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    May 24, 2014, 05.42 PMby sewzgud

    I use custom fabric piping on a lot of projects, including garments and home furnishings. It adds such a beautiful accent. I recently bought the “DARR Piping Magic” piping seam allowance trimmer. It features guides to trim custom-made piping to any of 6 different seam allowance widths, from 1/4 inch to one inch. It is fast, accurate and easy to use. I can’t imagine being without it!

  • Purplefan_large

    May 24, 2014, 11.28 AMby purplefan

    The Singer brush-like the one in your photo-is great for cleaning feed dogs, bobbin case and any other nook with lint on the machine! The bristles are long and soft, superior to the mini plastic bristle brushes some sewing machines get in their kit or accessory box.

    Since I have used the brush long before compressed air in a can was known to me for making quick cleanup of a portable machine, I still rely on the brush.

    I’m surprised to see a pattern tracing wheel in the photo-have not used it in a long time. Mom used to have the navy or red carbon sheets, which I found fascinating as a teen.

  • Img_1598_large

    May 23, 2014, 12.07 AMby Cynsin

    My newest favorite is a notion I’m sure many other sewing gadget “junkies” like me have purchased only to have it sit in a drawer languishing…beeswax. I currently am constructing a lovely linen dress and following couture techniques. Of course, this means much hand sewing, which included, for me, the challenge of tangled, knotted thread. I had read about beeswax and dismissed it before. I decided to give it a try and, now, not only am using it, I added the additional suggestion of pressing the wax into the thread with a warm iron. Fabulous results and an item that now will be used often!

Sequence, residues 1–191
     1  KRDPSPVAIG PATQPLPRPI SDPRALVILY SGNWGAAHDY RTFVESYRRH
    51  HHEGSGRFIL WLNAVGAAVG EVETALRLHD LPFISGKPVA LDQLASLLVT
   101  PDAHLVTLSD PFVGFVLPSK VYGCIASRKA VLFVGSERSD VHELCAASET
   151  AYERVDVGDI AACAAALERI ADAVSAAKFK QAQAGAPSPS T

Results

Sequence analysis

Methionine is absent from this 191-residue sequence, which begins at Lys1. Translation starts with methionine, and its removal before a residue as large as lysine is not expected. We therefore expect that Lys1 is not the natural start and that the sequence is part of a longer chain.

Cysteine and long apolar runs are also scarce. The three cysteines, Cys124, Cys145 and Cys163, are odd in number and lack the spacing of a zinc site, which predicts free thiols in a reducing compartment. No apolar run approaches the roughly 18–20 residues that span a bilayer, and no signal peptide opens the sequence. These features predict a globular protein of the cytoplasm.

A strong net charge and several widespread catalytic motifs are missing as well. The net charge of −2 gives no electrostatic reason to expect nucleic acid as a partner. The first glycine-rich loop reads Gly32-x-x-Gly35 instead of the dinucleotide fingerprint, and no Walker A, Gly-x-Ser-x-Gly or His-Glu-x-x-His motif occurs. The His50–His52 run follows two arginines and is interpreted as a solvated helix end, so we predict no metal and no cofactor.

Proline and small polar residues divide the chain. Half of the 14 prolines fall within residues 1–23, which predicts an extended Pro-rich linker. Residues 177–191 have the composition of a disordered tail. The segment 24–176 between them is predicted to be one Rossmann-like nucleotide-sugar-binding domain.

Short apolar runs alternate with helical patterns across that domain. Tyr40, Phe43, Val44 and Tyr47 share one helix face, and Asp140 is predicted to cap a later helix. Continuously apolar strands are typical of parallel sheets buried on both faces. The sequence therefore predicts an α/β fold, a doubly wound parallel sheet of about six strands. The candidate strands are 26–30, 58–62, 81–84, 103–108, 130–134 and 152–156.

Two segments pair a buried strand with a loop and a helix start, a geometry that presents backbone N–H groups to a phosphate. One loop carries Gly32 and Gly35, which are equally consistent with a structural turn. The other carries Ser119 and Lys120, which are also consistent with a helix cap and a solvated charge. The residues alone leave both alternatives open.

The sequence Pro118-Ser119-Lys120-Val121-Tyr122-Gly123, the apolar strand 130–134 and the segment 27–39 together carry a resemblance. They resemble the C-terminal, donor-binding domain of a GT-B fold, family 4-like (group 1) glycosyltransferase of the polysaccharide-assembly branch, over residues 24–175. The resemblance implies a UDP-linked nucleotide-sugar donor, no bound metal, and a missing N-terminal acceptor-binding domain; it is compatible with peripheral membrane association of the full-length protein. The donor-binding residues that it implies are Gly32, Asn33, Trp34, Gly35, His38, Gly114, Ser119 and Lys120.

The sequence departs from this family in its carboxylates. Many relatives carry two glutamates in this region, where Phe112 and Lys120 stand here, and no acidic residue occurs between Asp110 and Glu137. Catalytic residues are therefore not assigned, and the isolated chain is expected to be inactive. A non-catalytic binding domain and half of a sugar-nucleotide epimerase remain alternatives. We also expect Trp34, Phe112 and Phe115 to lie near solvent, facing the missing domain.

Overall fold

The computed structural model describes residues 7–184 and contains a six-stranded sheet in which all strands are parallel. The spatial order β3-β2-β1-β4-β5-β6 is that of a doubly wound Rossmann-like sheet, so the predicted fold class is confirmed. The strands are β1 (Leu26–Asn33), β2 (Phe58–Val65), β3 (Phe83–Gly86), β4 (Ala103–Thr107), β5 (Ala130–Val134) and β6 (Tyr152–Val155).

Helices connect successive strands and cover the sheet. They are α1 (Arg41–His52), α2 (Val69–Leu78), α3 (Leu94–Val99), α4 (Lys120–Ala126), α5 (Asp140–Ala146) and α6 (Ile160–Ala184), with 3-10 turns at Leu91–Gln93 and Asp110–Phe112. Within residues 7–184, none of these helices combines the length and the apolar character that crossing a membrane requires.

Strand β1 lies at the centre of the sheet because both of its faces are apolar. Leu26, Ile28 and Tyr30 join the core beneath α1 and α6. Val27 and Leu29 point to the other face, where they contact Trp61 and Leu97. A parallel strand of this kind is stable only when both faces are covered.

• Self_portrait_large

    May 22, 2014, 04.47 PMby Sabrina Wharton-Brown

    I love my Bernina Buttonhole foot #3. It’s great for sewing buttonholes where foot #3A just won’t, but it’s also great for invisible zips, whipped hems, cording, and stitches where I need extra visibility.

    Also on the list of “Essential Presser Feet You Didn’t Know You Needed” is an even feed foot, especially when sewing pleather on a mid-range sewing machine. This will make or break your leather skirt or jacket.

    My other favourite notion (in case feet don’t count) is my box of forked pins, or as I call them in real life “The Amazing Plaid Matching Pins”. They save (what seems like) hours of frustrated unpicking and resewing when you are making a plaid skirt or a dress with intersecting seams that just have to match up. Perfection is important when you’re doing a fashion degree.

    Sabrina WB Cottingham, East Yorkshire, England

    1 Reply
    • Self_portrait_large

      May 22, 2014, 05.13 PMby Sabrina Wharton-Brown

      Just remembered another one: those wooden sticks you get in manicure kits. They make great “extra fingers” when doing something fiddly at the sewing machine, and the two different ends help in different ways: the pointed one is good for getting really close to the needle, and the angled, flat end is good for keeping things flat.

    • This is a question